• The quest for queen ants. I've long had a thing for ant colonies. I used to have a nice Japanese plastic ant farm, and years later I got one of the American flat-planed varieties. As a kid I always wanted a "queen ant," and lately I know how to get one. In March (I think it's March) of most years in eastern Massachusetts, I have had pretty good luck stumbling across wonderful brown queen ants. They are somewhat smaller than carpenter ants, have a relatively big, rounded abdomen (the "butt"), move at a dignified pace (instead of the rapid scurrying of the annoying big black ants), and have a beautiful golden-brown amber/deep-honey sheen. Often they still have wings on their backs (dead giveaway), and one even had a male winged ant trying to mate with her while she walked around (I think I have footage of some winged males fighting on the ground, too). [9/17/02 I just found 2 queen ants clinging to a screen window. These are a different species of ant: pale gold, small, with the male about the size of a tiny parasite clinging to the back. The workers of this species invaded the stove once - they are very tiny, just a few millimeters in length, a beautiful pale gold/light amber, and love oil and sugar.] Anyway, soon after arriving on the ground, the queen sheds her wings (I think she may help the process along with her mandibles, but can't remember) and starts hunting for a place to build her first nest. In the antfarm it helps to create a shadowy depression in the dirt to encourage her to "dig there." Eventually she'll carve out a small chamber and start laying eggs. She cares for the eggs as they eventually turn into the little grubby babies, which then pupate into adults. The adults are (if my memory serves me correctly) about half the size of the queen, with proportionally small abdomens. They work to care for the queen, their siblings, and to expand the nest. The little family seems to survive ok on neglect, so long as the dirt is kept reasonably moist (but not soggy). The flat-plane ant farms are unfortunately poorly set up for easy addition and removal of food. The removal is important because otherwise the uneaten food will rot. As an adventurous young fool I once tried giving one set of ants some dissolved vitamins, and it killed them. :( In any case, if you're determined to have a queen ant, rather than dig up the yard looking for one, you might wait til spring.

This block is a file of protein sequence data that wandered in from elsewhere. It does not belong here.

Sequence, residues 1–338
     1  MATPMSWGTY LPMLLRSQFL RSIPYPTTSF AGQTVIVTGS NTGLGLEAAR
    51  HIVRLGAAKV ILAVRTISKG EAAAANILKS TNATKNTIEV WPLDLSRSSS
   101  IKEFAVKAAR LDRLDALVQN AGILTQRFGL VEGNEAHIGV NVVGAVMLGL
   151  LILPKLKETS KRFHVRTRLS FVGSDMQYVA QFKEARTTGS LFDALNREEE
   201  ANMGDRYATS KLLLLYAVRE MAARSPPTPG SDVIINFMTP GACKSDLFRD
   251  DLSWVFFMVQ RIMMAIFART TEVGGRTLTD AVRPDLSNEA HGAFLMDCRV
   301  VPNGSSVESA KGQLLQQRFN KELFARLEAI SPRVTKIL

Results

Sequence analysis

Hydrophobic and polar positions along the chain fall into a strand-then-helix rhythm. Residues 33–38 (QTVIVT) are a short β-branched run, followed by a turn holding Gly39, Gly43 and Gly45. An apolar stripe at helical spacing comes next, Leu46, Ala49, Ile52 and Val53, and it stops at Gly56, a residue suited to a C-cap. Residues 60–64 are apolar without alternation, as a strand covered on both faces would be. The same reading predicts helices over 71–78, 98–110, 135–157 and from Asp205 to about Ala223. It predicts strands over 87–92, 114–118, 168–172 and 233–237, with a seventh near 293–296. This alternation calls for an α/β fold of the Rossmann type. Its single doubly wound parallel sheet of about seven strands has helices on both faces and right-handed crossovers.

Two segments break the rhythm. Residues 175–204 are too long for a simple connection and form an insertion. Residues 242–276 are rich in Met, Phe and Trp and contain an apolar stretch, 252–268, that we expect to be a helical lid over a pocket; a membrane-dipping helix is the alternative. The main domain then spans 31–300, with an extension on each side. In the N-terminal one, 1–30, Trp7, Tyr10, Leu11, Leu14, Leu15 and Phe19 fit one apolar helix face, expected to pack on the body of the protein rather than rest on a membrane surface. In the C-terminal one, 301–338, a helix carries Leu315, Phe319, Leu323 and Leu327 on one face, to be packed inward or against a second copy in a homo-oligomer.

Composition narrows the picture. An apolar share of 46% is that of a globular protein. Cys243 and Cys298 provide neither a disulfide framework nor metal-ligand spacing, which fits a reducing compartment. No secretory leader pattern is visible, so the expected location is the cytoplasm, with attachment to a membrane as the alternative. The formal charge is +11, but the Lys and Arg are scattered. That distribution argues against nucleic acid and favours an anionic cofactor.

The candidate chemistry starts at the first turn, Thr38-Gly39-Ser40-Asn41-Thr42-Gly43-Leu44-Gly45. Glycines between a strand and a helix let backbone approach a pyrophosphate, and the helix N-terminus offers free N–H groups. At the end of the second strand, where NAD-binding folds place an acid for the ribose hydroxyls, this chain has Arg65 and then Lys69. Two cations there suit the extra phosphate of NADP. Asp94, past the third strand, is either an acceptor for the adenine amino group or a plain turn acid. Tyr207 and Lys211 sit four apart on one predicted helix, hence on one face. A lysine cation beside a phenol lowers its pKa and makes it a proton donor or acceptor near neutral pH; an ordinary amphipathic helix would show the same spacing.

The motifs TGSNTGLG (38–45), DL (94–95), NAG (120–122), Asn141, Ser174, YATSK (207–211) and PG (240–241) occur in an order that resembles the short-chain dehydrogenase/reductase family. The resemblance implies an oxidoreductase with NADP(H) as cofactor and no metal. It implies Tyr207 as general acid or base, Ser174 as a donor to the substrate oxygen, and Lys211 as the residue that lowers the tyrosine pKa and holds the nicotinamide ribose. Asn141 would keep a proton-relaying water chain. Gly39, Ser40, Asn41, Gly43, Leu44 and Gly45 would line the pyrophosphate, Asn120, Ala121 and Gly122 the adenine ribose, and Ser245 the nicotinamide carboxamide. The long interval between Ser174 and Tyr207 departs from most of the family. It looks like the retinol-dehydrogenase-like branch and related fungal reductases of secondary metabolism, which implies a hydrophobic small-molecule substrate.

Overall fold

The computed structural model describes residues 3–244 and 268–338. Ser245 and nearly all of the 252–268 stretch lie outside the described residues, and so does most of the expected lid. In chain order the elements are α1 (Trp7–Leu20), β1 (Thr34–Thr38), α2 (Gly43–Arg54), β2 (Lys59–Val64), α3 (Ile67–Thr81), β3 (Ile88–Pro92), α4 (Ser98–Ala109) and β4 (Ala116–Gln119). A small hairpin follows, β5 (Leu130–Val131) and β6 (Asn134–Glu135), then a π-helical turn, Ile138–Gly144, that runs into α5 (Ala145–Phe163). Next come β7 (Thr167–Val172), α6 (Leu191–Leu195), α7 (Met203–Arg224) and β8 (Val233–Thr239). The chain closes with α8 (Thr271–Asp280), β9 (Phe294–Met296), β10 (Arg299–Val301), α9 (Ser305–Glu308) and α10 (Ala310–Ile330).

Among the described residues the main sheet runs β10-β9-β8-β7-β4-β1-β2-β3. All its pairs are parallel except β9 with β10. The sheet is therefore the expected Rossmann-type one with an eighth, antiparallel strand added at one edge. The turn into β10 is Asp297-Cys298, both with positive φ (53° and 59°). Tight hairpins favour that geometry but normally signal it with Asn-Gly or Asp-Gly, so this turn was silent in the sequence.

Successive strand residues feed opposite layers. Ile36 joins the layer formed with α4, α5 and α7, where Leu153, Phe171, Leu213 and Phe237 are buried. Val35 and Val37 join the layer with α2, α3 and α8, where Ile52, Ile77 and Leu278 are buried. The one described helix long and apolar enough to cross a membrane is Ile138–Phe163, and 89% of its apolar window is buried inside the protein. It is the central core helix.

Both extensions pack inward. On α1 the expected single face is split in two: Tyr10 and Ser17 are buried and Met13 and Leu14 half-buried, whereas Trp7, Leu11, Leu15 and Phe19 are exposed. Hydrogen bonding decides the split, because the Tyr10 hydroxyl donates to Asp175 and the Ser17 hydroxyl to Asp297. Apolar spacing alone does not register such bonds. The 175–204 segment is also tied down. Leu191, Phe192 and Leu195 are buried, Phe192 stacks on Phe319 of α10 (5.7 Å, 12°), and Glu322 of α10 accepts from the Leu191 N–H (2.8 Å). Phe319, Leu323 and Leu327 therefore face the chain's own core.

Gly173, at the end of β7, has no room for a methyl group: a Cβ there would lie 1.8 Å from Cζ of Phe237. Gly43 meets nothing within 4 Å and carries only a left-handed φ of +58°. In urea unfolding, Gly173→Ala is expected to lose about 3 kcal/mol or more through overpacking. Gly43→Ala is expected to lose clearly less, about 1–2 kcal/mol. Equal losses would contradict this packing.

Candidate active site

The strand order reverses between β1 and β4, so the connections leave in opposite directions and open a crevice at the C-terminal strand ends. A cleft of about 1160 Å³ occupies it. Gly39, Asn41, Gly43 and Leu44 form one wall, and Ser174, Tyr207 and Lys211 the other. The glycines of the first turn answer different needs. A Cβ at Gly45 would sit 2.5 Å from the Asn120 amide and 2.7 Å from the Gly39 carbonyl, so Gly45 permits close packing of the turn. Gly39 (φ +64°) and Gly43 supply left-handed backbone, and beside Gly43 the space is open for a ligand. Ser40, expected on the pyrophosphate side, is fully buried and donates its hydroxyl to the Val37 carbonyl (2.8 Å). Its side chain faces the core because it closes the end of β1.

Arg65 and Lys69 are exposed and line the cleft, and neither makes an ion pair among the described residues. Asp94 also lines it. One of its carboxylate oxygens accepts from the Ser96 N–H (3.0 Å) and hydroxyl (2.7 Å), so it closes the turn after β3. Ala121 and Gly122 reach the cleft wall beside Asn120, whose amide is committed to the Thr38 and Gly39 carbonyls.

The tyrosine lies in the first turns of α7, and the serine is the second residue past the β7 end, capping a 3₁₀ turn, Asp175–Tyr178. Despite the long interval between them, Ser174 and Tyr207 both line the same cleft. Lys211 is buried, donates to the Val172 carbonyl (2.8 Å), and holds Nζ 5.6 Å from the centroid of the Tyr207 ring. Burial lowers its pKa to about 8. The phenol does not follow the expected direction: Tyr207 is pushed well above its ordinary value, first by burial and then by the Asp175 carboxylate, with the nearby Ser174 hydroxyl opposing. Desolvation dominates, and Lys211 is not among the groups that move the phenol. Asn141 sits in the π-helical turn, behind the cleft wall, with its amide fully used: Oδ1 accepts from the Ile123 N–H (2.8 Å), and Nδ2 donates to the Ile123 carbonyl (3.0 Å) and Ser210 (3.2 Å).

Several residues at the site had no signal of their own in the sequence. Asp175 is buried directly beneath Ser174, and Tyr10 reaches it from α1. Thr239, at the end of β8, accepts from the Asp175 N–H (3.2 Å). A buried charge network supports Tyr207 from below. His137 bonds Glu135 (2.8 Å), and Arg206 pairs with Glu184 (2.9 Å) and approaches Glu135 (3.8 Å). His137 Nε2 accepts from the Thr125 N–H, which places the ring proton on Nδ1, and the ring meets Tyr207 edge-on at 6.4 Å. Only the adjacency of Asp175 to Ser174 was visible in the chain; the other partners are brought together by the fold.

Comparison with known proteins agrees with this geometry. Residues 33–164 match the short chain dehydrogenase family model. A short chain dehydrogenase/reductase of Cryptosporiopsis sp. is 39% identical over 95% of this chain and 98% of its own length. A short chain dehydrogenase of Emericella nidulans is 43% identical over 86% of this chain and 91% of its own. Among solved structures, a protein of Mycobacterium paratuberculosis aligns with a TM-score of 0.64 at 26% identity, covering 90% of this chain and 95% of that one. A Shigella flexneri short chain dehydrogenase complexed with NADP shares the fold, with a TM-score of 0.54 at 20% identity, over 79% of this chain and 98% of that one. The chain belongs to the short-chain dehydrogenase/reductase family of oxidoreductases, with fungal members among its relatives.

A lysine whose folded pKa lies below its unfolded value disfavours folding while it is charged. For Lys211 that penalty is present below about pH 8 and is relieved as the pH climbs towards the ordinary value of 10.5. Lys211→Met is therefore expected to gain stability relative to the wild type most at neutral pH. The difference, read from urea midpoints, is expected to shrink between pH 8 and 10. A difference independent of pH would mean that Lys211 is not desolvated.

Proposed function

• Mosquitoes have their uses.... I've been known to leave out containers of water hoping for mosquito larvae. Why? To feed pet fish, of course. (I've fed em to goldfish and betta fish, though once a goldfish died a few days later ... I'm not sure why, though I'm a bit worried about rumors the larvae can puncture fish innards. Still, carnivorous fish seem to love em, in any case, and they are a natural food for some types of fish.) The larvae look like hairy black question marks floating at the surface. At the slightest disturbance, they squirm their way down into the depths, using an inchworm's spasmodic twitching to move. When caught in a (very) fine net and rinsed in water, they writhe in a very icky kind of wormy way. They live just fine in a small jar of tap water (unlike fish, who need conditioned water), and you should tightly cover over the container with plastic wrap. You can even store the container in the fridge, which makes the larvae sluggish. Eventually they reach their final larval molt, at which point they look very bulbous and a bit clumsy, and soon after that you start getting adult airborne mosquitoes (why the plastic wrap is important -- and no, they don't need air holes). In any case, the one good thing about setting out water for mosquitoes is that, after harvesting some for the fish, you can tip over the water and kill all the larvae. Unfortunately, it will also kill off any other insect larvae in the water, but odds are 99% of all the larvae will be mosquitoes, so ... oh well. In this day and age of West Nile virus, it's probably a good thing to make sure none reach maturity. And it really is satisfying watching a betta gulp down mosquito larvae... the fish actual chews a few times. Now, that is nice revenge.